Atlanta city council members deferred voting on the Drivecam pilot program that would activate cameras installed in 175 city vehicles.
"The purpose of the cameras is to collect data on potential risky driving behaviors that may lead to accidents, significant costs and injuries to our employees and the general public," said spokesman Carlos Campos.
Council members sent the pilot program back to the finance committee for further discussion.
Campos said other companies that deploy similar technology have shown that by using this data, and coaching employees, the city will reduce risky behavior, leading to reduced costs for taxpayers and improved safety for employees and the public.
"These cameras are in city-owned vehicles, where employees are expected to only conduct city business, and conduct themselves professionally at all times, regardless of whether they are on video or not," said Campos.
The cameras may also be helpful not only in identifying risky driving behavior, but also have the potential to exonerate a city employee whose actions on the road are in question.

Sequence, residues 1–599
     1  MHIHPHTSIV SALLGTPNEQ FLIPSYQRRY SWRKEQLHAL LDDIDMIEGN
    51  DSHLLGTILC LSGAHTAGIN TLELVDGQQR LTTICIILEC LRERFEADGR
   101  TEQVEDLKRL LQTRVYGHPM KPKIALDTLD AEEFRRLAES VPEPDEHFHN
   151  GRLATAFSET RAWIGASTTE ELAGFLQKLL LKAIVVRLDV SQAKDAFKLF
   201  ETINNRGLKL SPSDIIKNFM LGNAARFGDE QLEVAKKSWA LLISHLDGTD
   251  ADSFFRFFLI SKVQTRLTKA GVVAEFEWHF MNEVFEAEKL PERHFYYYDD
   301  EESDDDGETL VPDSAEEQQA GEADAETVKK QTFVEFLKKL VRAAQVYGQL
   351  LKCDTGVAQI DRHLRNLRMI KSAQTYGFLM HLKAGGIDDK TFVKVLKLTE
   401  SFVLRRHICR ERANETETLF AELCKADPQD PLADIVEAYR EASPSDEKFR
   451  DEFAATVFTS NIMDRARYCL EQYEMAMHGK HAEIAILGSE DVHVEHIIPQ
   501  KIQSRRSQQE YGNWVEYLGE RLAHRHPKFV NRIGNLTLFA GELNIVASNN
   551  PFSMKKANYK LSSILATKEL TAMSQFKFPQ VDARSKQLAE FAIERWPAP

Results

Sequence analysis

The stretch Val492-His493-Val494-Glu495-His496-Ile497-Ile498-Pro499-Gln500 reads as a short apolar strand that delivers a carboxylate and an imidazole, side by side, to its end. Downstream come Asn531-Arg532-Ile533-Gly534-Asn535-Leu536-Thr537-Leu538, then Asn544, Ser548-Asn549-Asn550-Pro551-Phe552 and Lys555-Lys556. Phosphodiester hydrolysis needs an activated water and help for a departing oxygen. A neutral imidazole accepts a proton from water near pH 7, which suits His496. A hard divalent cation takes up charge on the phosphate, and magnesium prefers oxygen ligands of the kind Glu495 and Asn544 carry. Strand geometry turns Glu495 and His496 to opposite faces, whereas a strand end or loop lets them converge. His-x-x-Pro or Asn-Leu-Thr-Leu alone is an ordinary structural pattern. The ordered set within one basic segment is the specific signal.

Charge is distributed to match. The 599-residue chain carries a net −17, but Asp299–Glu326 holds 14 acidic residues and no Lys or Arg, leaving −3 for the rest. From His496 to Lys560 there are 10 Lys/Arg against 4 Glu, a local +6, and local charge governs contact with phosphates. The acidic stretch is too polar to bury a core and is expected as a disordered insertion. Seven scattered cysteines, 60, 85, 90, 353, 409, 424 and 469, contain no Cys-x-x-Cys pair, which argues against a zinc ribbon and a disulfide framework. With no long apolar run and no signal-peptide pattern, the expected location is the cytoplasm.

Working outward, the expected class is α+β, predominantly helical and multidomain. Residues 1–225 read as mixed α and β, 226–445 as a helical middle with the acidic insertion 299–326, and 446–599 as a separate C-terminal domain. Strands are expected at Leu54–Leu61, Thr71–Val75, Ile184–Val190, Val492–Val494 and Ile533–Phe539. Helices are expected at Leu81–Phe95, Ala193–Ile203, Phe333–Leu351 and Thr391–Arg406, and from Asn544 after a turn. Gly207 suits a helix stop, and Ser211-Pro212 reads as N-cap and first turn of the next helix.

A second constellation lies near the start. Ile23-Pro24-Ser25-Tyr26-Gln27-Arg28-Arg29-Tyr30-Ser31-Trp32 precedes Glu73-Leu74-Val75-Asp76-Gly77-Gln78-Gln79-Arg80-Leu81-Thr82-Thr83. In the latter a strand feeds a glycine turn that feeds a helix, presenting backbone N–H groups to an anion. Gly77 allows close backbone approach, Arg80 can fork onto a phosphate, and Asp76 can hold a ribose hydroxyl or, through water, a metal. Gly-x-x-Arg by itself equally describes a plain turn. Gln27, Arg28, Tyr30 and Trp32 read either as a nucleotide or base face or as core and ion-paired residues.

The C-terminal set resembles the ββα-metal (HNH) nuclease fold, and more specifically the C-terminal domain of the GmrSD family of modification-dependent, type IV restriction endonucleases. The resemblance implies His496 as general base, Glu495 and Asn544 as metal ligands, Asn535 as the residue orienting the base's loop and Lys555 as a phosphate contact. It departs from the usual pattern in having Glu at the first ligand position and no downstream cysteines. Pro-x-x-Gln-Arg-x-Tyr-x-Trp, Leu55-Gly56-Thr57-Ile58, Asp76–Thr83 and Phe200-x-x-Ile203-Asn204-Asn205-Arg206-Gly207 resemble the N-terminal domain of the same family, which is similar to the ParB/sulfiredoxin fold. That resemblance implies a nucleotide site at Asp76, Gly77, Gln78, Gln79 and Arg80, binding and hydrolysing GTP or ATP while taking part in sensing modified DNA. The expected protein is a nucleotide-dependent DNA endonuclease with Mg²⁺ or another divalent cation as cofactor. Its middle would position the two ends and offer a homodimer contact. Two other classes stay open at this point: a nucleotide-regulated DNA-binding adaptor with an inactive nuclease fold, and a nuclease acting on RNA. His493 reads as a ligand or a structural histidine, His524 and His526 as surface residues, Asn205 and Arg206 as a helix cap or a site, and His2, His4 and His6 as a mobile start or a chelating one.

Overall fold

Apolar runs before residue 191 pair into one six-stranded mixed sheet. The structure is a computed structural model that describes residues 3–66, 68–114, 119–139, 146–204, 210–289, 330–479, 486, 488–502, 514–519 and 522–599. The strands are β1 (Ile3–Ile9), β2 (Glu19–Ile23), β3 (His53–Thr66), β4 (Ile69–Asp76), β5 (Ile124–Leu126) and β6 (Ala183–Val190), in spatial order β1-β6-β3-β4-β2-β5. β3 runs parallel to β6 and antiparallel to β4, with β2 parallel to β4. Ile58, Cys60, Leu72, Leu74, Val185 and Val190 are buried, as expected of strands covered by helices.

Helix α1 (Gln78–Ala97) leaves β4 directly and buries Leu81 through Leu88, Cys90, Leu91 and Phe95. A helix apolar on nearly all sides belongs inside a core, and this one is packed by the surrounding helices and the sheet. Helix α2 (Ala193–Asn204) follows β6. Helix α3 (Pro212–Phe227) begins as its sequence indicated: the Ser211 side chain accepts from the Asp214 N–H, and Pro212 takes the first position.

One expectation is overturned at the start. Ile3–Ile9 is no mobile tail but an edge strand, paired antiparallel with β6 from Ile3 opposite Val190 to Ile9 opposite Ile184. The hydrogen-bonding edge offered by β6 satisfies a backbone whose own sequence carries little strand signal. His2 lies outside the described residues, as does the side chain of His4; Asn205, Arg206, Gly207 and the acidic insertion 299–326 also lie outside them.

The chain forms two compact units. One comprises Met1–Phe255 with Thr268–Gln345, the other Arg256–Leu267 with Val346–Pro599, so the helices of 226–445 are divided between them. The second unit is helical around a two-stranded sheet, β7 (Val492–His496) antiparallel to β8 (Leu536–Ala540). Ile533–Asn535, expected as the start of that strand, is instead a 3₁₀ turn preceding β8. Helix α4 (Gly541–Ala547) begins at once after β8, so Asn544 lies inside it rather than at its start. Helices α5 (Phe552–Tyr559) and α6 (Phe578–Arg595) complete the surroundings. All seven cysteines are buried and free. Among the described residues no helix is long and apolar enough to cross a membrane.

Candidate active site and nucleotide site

"This program allows us to collect 12 seconds worth of data before and after an incident," said Chief Financial Officer Jim Beard. "It measures intense changes in motion in a car, slam on the brakes, move the wheel aggressively left or right.
At no cost to the city, the cameras have already been installed in 175 vehicles across five departments - Watershed Management, Planning and Community Development, Public Works, Parks and Recreation and Atlanta Fire Rescue.
"It 's not a program to spy on driver," said Beard.
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Tuesday, April 20 2010 11:21 PM EDT2010-04-21 03:21:00 GMT
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